Caught with possession of drugs? Our Anne Arundel Lawyers Can Possibly Help!
Possession of paraphernalia mirrors possession of CDS. Possession encompasses more than what is in a defendant’s physical possession, it encompasses what is in their physical possession as well as their “constructive possession.” Constructive possession is a fact driven analysis of all the surrounding circumstances. In order to prove possession, the prosecution must prove that the:
- Defendant possessed the substance
- Defendant knew the general character or illicit nature of the substance
- Substance was illegal.
Possession of Paraphernalia
The added issue with a possession of paraphernalia is that the item or items must be possessed with the intent to use them to package, store, conceal, or ingest drugs.
Some items themselves, such as rolling papers or sandwich bags (also known as baggies), are not per se illegal as drug paraphernalia. To the contrary, they may have legitimate uses and may be sold is convenience stores or gas stations across the state. What changes their character from normal, everyday items to illegal drug paraphernalia are the circumstances surrounding their use in the ingestion or storage of drugs.
The first offense of possession of paraphernalia is punishable by a fine of up to $500. There is no jail time for a first offense. If a defendant has a prior offense, and they are notified of enhanced penalties, there is the possibility of higher fines and even jail time.
For more information, see What to Expect During Your Drug Possession Case.
Possession of Drugs in Maryland
No factual issue is more litigated in Maryland than the topic of possession of drugs, or controlled dangerous substance (CDS). Possession means having control over something, either directly or indirectly. More than one person can possess a single item. The factors a judge or jury look to are:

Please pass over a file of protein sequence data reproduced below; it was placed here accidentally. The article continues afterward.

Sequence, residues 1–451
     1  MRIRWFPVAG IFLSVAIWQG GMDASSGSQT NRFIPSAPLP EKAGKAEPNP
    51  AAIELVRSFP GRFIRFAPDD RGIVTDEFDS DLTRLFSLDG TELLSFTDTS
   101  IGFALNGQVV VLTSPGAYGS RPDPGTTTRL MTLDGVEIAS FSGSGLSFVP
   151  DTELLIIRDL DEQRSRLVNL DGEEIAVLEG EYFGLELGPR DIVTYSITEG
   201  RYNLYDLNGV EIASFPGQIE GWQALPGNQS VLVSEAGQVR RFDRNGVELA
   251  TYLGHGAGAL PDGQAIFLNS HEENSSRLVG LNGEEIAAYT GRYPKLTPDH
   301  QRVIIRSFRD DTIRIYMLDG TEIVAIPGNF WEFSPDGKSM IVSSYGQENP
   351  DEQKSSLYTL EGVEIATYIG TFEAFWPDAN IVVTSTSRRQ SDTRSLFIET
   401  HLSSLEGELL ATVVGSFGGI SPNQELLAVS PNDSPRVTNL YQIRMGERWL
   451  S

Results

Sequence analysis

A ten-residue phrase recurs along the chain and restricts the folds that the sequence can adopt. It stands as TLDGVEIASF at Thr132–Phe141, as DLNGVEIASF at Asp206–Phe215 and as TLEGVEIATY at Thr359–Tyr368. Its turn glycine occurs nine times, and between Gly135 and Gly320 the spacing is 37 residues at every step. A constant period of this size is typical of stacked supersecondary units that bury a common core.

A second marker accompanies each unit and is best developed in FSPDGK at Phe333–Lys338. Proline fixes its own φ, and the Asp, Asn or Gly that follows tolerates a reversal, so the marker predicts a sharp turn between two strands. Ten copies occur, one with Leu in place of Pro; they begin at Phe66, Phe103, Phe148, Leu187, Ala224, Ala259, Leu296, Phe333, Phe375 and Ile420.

- The proximity of where the defendant was compared to where the illicit substance was found.
- Any ownership or possessory interest in the place where the illicit substance was found (who owns the car, who owns the home or who rents the bedroom where the substance was found).
- Any evidence of mutual use and enjoyment (were using drugs in the room where the defendant and the substance were found).
These are fact driven questions. Often, the questions revolve around drugs found in a car after a routine traffic stop or in a house when the police execute a search warrant for the house when there are multiple people present. While these circumstances certainly give the police probable cause to arrest someone, they are filled with issues which can be litigated. It is up to an experienced criminal lawyer to file the right motions with the Court and ask the right questions of the police to generate these issues.
Experienced Drug Attorney
If you have been charged with drug possession, please contact the experienced drug defense attorneys at Jimeno & Gray, P.A. We serve the Baltimore, Annapolis, Glen Burnie, and Columbia, Maryland area.